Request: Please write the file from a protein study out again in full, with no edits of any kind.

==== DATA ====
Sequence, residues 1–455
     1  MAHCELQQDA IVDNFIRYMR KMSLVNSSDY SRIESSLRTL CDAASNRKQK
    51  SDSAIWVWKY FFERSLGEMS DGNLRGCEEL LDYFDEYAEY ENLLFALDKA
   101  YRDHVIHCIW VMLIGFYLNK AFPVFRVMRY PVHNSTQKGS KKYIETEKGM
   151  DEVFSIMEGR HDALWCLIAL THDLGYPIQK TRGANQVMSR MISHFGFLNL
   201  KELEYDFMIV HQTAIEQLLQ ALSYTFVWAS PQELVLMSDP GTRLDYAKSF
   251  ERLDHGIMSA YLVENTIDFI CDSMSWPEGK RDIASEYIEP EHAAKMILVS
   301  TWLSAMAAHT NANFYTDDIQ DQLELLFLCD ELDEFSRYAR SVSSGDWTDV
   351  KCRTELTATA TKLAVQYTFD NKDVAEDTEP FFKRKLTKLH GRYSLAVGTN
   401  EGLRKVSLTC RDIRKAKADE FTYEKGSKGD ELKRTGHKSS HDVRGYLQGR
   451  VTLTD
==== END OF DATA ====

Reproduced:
Sequence, residues 1–455
     1  MAHCELQQDA IVDNFIRYMR KMSLVNSSDY SRIESSLRTL CDAASNRKQK
    51  SDSAIWVWKY FFERSLGEMS DGNLRGCEEL LDYFDEYAEY ENLLFALDKA
   101  YRDHVIHCIW VMLIGFYLNK AFPVFRVMRY PVHNSTQKGS KKYIETEKGM
   151  DEVFSIMEGR HDALWCLIAL THDLGYPIQK TRGANQVMSR MISHFGFLNL
   201  KELEYDFMIV HQTAIEQLLQ ALSYTFVWAS PQELVLMSDP GTRLDYAKSF
   251  ERLDHGIMSA YLVENTIDFI CDSMSWPEGK RDIASEYIEP EHAAKMILVS
   301  TWLSAMAAHT NANFYTDDIQ DQLELLFLCD ELDEFSRYAR SVSSGDWTDV
   351  KCRTELTATA TKLAVQYTFD NKDVAEDTEP FFKRKLTKLH GRYSLAVGTN
   401  EGLRKVSLTC RDIRKAKADE FTYEKGSKGD ELKRTGHKSS HDVRGYLQGR
   451  VTLTD